Considered the father of modern science, Galileo Galilei (1564-1642)
made major contributions to the fields of physics, astronomy, cosmology,
mathematics and philosophy. He invented an improved telescope that let him
observe and describe the moons of Jupiter, the rings of Saturn, the phases of Venus, sunspots and the rugged lunar surface.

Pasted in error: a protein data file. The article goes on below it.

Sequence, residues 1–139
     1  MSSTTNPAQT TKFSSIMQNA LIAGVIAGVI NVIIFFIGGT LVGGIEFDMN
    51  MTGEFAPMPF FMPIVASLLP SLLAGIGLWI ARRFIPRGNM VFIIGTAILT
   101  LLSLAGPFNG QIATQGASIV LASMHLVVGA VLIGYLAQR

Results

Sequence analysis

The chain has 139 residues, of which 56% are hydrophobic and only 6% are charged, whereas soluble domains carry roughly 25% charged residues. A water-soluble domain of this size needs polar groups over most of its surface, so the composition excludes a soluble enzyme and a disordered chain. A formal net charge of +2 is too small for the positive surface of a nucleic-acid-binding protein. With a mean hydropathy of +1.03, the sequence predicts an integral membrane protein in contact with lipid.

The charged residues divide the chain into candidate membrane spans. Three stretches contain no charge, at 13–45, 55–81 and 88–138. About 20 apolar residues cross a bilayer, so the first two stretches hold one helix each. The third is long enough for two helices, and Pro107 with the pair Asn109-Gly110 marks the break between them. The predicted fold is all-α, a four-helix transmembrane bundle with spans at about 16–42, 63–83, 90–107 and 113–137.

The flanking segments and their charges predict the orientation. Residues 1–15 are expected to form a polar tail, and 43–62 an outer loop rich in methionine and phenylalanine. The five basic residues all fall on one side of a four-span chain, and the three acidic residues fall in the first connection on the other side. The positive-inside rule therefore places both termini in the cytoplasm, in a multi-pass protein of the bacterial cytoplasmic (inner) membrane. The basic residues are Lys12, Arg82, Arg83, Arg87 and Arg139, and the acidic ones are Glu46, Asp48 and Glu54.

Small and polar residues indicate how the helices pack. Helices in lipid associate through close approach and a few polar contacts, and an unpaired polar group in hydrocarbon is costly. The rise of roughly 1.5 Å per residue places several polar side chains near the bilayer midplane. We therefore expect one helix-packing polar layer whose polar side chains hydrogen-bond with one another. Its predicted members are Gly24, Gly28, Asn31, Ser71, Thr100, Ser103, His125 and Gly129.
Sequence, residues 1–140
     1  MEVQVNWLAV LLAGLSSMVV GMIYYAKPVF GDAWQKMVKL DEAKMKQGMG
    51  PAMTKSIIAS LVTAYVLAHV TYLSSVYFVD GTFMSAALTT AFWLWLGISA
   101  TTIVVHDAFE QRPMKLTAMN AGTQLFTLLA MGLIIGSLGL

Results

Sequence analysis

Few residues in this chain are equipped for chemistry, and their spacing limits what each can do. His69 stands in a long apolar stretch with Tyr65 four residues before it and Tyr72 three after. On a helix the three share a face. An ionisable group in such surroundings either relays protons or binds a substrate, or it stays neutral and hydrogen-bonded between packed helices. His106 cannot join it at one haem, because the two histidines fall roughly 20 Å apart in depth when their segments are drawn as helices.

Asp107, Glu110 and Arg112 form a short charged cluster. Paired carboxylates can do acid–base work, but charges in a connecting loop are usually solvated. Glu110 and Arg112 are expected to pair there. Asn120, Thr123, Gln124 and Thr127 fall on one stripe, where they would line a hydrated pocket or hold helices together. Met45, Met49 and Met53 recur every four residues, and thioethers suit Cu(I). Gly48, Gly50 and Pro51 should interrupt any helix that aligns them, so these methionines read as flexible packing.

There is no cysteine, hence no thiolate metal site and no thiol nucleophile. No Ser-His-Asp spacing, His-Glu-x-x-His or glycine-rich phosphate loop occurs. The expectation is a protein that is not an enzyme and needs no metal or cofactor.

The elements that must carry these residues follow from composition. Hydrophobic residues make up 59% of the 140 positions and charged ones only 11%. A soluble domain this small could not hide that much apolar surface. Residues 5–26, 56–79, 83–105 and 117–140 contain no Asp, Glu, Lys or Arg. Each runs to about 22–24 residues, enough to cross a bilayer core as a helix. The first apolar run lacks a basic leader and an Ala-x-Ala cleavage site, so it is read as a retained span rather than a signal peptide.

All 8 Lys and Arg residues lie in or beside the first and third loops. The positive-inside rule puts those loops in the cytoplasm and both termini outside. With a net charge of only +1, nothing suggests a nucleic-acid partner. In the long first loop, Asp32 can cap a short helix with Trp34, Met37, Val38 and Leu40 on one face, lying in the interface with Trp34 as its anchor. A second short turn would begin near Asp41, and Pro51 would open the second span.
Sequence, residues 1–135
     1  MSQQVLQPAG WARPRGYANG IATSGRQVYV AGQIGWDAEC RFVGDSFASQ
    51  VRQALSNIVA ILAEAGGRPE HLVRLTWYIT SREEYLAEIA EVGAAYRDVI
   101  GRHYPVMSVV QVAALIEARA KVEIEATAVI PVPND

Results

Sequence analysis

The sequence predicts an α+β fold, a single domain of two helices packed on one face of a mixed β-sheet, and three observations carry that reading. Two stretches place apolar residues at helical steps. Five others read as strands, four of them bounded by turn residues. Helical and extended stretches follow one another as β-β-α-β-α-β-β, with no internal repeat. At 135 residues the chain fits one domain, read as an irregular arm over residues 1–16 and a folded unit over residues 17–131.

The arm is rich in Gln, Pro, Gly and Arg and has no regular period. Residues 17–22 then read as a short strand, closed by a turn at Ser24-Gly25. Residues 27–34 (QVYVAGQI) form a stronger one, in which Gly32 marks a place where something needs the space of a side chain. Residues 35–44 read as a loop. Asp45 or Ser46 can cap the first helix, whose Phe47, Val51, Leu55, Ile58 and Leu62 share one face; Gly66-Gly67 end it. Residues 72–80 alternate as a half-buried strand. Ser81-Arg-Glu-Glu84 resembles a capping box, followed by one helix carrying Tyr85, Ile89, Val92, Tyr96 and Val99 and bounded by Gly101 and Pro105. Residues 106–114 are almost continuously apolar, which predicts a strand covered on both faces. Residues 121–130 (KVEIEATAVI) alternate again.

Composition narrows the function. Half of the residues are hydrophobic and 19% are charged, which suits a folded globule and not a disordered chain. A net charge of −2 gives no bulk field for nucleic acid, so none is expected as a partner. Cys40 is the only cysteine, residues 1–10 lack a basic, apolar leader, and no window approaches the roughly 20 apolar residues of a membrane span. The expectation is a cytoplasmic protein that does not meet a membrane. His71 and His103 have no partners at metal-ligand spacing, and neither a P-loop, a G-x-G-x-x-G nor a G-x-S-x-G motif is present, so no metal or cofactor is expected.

Galileo’s flair for self-promotion earned him powerful friends among Italy’s ruling elite and enemies among the Catholic Church’s leaders. His advocacy of a heliocentric universe brought him before religious authorities in 1616 and again in 1633, when he was forced to recant and placed under house arrest for the rest of his life.